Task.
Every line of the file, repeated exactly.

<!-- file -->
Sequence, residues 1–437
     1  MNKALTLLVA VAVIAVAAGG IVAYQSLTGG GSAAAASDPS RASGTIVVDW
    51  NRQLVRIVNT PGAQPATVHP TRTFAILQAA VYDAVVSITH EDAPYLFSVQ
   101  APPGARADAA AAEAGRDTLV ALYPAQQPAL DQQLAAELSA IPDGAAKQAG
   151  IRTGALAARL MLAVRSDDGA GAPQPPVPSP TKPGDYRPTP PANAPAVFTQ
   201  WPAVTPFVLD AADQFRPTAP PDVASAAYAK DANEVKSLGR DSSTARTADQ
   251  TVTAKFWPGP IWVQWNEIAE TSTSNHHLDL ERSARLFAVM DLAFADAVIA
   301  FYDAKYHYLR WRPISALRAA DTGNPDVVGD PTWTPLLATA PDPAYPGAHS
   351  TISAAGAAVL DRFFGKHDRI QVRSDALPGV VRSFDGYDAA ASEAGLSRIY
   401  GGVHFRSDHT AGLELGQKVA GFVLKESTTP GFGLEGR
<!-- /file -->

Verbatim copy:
Sequence, residues 1–437
     1  MNKALTLLVA VAVIAVAAGG IVAYQSLTGG GSAAAASDPS RASGTIVVDW
    51  NRQLVRIVNT PGAQPATVHP TRTFAILQAA VYDAVVSITH EDAPYLFSVQ
   101  APPGARADAA AAEAGRDTLV ALYPAQQPAL DQQLAAELSA IPDGAAKQAG
   151  IRTGALAARL MLAVRSDDGA GAPQPPVPSP TKPGDYRPTP PANAPAVFTQ
   201  WPAVTPFVLD AADQFRPTAP PDVASAAYAK DANEVKSLGR DSSTARTADQ
   251  TVTAKFWPGP IWVQWNEIAE TSTSNHHLDL ERSARLFAVM DLAFADAVIA
   301  FYDAKYHYLR WRPISALRAA DTGNPDVVGD PTWTPLLATA PDPAYPGAHS
   351  TISAAGAAVL DRFFGKHDRI QVRSDALPGV VRSFDGYDAA ASEAGLSRIY
   401  GGVHFRSDHT AGLELGQKVA GFVLKESTTP GFGLEGR